Advertisement
  1. Business

Famous yacht brand Bertram sets up shop in South Tampa

Earl Blackwell, vice president of production for Bertram Yachts, shows off the first model to be built in Tampa: the 35-foot Moppie. It will cost about $750,000.
Earl Blackwell, vice president of production for Bertram Yachts, shows off the first model to be built in Tampa: the 35-foot Moppie. It will cost about $750,000.
Published Jul. 14, 2016

TAMPA — An iconic yacht brand that has produced just a few new boats in the past decade has reopened under new ownership in South Tampa. The owner said he plans to hire between 200 and 450 employees over the next six years as the brand returns to the fold.

An Italian company, the Gavio Group, purchased the name and rights to the Bertram brand in March 2015 and founded Bertram Yachts LLC. Two weeks ago, it purchased the former Lazzara yacht-building facility off S West Shore Boulevard, near the Westshore Yacht Club and the Hula Bay Club, for about $10.1 million, according to property records.

"They've emerged from the ashes," said Thom Dammrich, president of the National Marine Manufacturers Association. "It certainly is an iconic brand that has been around for a long, long, long time."

Florida leads the nation with its $2.6 billion boating industry with nearly 890,000 registered boats, according to the association.

While Tampa Bay already plays an important role in that industry, Bertram has the potential to become one of the most prominent boat manufacturers in the area, Dammrich said. He pointed to the classic, vintage look of the boats as a big selling point.

"Bertram was one of the first offshore sport fishing vessels made," he said. "Through the years they had great designs, great quality, great ride."

The parent company's owner, Beniamino Gavio, has big plans for it. "They used to say, 'The sun never sets on the Bertram Empire,' " Gavio said. Over the years, "They changed the boat a lot and I said, 'Let's start again.' "

In the past year, the Bertram team has been working with Sarasota-based Michael Peters Yacht Design to re-create the brand's original boat: the 35-foot long Moppie, also known as the Bertram 35.

He said nine people have made reservations for their own "semi-custom" Bertram 35s, which start at $750,000. The company is also developing a 60-foot model.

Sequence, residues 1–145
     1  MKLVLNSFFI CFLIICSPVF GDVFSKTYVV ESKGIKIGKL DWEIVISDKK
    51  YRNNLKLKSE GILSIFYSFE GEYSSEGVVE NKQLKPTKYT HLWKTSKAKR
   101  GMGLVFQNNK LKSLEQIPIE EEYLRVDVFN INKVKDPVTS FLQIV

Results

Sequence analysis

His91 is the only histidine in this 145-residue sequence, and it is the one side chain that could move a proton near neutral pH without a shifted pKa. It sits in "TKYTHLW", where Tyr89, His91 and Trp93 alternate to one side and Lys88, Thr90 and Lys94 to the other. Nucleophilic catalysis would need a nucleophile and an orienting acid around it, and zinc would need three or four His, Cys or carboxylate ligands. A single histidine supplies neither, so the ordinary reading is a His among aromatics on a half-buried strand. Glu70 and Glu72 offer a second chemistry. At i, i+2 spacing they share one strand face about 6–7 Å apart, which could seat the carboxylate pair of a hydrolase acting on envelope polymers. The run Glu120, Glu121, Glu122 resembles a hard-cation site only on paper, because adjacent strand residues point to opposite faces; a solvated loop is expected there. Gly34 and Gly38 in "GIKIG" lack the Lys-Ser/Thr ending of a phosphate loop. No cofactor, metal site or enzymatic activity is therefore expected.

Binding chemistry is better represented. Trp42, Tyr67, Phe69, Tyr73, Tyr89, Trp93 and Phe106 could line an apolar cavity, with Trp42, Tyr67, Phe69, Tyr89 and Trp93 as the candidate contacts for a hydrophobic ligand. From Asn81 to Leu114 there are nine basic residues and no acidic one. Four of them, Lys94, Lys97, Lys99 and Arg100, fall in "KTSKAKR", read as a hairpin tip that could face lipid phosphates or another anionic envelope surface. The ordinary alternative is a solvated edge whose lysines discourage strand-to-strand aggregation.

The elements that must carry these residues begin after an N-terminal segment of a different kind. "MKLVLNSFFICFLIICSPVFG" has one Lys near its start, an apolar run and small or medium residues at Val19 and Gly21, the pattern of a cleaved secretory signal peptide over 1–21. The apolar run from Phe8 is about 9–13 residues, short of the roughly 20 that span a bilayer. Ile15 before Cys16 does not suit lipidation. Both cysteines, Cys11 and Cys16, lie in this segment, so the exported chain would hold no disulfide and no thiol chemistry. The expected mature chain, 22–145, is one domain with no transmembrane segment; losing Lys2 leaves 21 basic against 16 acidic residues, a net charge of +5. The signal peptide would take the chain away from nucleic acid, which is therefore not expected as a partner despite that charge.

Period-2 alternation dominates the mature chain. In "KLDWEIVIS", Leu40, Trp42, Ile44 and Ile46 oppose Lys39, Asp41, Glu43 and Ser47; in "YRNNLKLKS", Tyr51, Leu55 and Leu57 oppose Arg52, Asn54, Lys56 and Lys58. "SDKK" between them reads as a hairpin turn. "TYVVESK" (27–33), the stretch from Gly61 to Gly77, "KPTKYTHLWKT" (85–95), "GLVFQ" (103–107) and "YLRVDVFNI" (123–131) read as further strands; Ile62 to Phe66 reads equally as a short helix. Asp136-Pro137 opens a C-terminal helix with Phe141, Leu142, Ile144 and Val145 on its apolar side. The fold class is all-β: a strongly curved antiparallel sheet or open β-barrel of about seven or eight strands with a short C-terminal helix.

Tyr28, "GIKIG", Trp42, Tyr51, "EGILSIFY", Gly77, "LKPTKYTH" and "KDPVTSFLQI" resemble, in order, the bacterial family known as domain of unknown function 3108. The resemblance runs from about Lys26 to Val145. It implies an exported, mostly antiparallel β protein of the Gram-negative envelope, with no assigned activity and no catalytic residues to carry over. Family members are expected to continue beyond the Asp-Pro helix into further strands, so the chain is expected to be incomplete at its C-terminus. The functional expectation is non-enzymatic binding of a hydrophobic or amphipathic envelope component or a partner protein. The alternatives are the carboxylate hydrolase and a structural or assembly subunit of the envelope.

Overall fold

Gavio has named Peter Truslow, who spent 20 years leading EdgeWater Power Boats, as chief executive officer. He also brought on Earl Blackwell, who has been building boats in Tampa Bay since 1980, as vice president of production.

"It's a unique American brand," he said, likening it to Harley-Davidson motorcycles.

In its heyday in the 1970s and '80s, Miami-based Bertram employed thousands of people as the boats were sold to buyers around the world. It was one of the first to build boats with a deep hull that gave it a much smoother ride in open waters.

Bertram has committed to hire at least 140 people by 2019 in exchange for $700,000 in county, city and state incentives, according to Hillsborough County's Economic Development Department.

"Three other states did their best to lure Bertram's international headquarters, and the competition for this project was intense," Hillsborough County Commissioner Les Miller Jr. said in a statement Wednesday.

The family-owned company failed to restart after a 10 percent federal tax on luxury items devastated the industry in 1990. In the late 1990s, the family sold the brand to the Ferettii Group, Truslow said.

Ferettii constructed two 80-foot boats several years ago, but nothing since. Around that time it relocated to Merritt Island where it was eligible to receive more than $1.4 million in public incentives in exchange for job creation promises, according to the Orlando Sentinel. Within a couple of years, the Merritt Island plan was abandoned and eventually Bertram was reduced to a single office in Fort Lauderdale.